About SUTENT(®) (sunitinib malate)

SUTENT is an oral multi-kinase inhibitor that works by blocking multiple molecular targets implicated in the growth, proliferation and spread of cancer. Two important SUTENT targets, vascular endothelial growth factor receptor (VEGFR) and platelet-derived growth factor receptor (PDGFR) are expressed by many types of solid tumors and are thought to play a crucial role in angiogenesis, the process by which tumors acquire blood vessels, oxygen and nutrients needed for growth. SUTENT also inhibits other targets important to tumor growth, including KIT, FLT3 and RET.

Important SUTENT(®) (sunitinib malate) Safety Information

Hepatotoxicity has been observed in clinical trials and post-marketing experience. This hepatotoxicity may be severe, and deaths have been reported. It is recommended to monitor liver function tests before initiation of treatment, during each cycle of treatment, and as clinically indicated. SUTENT should be interrupted for Grade 3 or 4 drug-related hepatic adverse events and discontinued if there is no resolution. SUTENT should not be restarted if patients subsequently experience severe changes in liver function tests or have other signs and symptoms of liver failure.

Women of child bearing age who are (or become) pregnant during therapy should be informed of the potential for fetal harm while on SUTENT.

Decreases in left ventricular ejection fraction (LVEF) to below the lower limit of normal (LLN) have been observed. Patients with concomitant cardiac conditions should be carefully monitored for clinical signs and symptoms of congestive heart failure. Patients should be monitored for hypertension and treated as needed with standard antihypertensive therapy. Complete blood counts (CBCs) with platelet count and serum chemistries should be performed at the beginning of each treatment cycle for patients receiving treatment with SUTENT.

The most common adverse reactions in GIST, RCC and pancreatic NET clinical trials were diarrhea, fatigue, asthenia, nausea, mucositis/stomatitis, anorexia, vomiting, neutropenia, hypertension, dyspepsia, abdominal pain, constipation, rash, hand-foot syndrome, skin discoloration, hair color changes, altered taste and bleeding.

For more information on SUTENT, including full prescribing information for SUTENT (sunitinib malate), please visit

About Torisel® (temsirolimus)

Torisel is the only intravenous mammalian target of rapamycin (mTOR) inhibitor approved for the treatment of advanced renal cell carcinoma (RCC).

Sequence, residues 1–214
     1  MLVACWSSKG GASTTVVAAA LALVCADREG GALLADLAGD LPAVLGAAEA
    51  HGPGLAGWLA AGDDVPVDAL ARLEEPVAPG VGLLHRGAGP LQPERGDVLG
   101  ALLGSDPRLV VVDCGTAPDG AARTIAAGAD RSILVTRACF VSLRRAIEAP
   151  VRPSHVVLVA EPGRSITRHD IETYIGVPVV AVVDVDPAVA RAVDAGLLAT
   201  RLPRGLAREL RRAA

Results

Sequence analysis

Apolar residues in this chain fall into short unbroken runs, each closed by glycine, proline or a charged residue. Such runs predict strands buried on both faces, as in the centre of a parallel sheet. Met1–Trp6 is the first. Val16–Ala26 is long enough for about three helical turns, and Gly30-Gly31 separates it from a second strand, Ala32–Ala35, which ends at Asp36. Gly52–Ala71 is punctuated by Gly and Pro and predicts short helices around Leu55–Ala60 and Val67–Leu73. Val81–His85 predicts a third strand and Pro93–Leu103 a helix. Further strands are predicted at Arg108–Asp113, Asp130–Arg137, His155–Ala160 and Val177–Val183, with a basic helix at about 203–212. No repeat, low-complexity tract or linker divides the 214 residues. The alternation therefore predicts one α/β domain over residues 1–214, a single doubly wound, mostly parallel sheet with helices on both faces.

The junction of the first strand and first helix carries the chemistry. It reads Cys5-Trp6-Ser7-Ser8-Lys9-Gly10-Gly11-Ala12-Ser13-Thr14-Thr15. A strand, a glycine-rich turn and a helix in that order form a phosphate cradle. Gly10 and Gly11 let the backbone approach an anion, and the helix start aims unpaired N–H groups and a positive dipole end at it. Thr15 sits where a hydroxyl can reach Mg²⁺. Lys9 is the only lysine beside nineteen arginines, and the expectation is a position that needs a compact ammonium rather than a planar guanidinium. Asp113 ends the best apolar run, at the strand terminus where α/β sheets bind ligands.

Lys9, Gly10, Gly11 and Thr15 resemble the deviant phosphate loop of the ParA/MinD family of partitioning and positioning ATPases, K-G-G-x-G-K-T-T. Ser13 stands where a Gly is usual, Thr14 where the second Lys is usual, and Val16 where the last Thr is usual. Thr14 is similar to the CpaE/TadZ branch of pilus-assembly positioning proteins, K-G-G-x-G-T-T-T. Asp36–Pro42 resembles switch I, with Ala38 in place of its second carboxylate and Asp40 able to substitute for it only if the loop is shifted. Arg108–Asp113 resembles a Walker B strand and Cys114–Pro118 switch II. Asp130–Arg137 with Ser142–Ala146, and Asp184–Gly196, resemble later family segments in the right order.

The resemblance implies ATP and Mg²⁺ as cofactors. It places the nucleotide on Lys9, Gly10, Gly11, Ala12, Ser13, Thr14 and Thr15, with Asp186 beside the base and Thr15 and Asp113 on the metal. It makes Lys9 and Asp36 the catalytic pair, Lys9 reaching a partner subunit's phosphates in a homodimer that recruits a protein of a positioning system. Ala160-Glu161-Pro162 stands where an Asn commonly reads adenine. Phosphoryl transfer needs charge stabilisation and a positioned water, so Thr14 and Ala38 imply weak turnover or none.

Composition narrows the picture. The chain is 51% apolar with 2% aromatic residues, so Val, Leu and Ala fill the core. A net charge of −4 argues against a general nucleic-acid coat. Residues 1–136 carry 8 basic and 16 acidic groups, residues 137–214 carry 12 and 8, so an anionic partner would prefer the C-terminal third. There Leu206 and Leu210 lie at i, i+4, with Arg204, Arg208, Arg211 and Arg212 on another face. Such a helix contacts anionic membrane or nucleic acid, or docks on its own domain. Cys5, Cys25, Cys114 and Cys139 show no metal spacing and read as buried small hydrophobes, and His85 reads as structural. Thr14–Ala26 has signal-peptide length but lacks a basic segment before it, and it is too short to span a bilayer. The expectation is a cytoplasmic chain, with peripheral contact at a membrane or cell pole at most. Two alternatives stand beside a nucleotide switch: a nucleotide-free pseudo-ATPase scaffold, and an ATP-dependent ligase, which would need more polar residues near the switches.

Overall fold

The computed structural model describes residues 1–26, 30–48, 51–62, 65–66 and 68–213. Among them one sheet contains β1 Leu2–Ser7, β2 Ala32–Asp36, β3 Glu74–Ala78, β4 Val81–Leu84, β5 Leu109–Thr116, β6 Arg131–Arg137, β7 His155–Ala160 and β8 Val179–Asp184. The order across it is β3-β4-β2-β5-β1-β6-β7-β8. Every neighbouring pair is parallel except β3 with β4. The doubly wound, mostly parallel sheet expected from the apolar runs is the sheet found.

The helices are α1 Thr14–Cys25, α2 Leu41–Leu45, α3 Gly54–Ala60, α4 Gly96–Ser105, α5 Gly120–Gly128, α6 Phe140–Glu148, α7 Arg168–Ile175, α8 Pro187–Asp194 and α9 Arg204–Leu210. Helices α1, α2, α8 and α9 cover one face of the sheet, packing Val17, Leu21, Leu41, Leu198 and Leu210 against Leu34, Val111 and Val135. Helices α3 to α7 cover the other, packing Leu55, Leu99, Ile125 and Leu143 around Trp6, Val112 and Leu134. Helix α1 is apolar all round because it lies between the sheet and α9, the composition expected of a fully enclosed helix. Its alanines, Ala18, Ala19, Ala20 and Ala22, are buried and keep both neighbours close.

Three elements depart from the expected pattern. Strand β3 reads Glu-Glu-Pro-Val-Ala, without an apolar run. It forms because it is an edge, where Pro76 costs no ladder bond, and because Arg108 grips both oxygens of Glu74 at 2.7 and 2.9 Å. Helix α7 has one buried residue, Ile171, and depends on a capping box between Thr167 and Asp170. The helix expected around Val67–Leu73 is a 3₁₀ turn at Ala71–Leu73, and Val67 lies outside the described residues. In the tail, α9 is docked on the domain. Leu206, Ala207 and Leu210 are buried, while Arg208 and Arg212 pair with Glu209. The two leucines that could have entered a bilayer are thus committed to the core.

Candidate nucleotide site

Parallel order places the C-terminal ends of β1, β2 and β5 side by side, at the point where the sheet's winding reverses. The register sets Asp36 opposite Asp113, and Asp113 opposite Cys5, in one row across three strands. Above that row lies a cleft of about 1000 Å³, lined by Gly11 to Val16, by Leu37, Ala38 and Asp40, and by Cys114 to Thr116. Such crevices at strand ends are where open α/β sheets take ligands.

Based on preclinical studies, Torisel inhibits the activity of mTOR, an intracellular protein implicated in multiple growth-related cellular functions including proliferation, growth and survival. The inhibition of mTOR also reduces levels of certain growth factors, such as vascular endothelial growth factor (VEGF), which are overexpressed in solid tumors like kidney cancer and are thought to play a crucial role in angiogenesis, the process by which tumors acquire blood vessels, nutrients and oxygen needed for growth.

Important Torisel® (temsirolimus) Safety Information

Torisel is contraindicated in patients with bilirubin >1.5 times the upper limit of normal (ULN). If Torisel must be given to patients with mild hepatic impairment, it should be used with caution and at a reduced dose.

Torisel has been associated with serious and sometimes fatal side effects including: hypersensitivity reactions, hyperglycemia/glucose intolerance, infections, interstitial lung disease, hyperlipidemia, bowel perforation, renal failure, wound healing complications, and intracerebral hemorrhage.

Live vaccines and close contact with those who received live vaccines should be avoided. Women of childbearing potential should be advised of the potential hazard to the fetus and avoid becoming pregnant.

The most common adverse reactions (incidence ≥ 30%) are rash, asthenia, mucositis, nausea, edema, and anorexia. The most common laboratory abnormalities (incidence ≥ 30%) are anemia, hyperglycemia, hyperlipidemia, hypertriglyceridemia, elevated alkaline phosphatase, elevated serum creatinine, lymphopenia, hypophosphatemia, thrombocytopenia, elevated AST, and leucopenia. Strong inducers of CYP3A4/5 and inhibitors of CYP3A4 may affect concentrations of the primary metabolite of Torisel. If alternatives cannot be used, dose modifications of Torisel are recommended.

For more information on Torisel, including full prescribing information please visit

About Pfizer Oncology

Pfizer Oncology is committed to the discovery, investigation and development of innovative treatment options to improve the outlook for cancer patients worldwide. Our strong pipeline, one of the most robust in the industry, is studied with precise focus on identifying and translating the best scientific breakthroughs into clinical application for patients across a wide range of cancers. Pfizer Oncology has biologics and small molecules in clinical development and more than 100 clinical trials underway. By working collaboratively with academic institutions, individual researchers, cooperative research groups, governments, and licensing partners, Pfizer Oncology strives to cure or control cancer with breakthrough medicines, to deliver the right drug for each patient at the right time. For more information please visit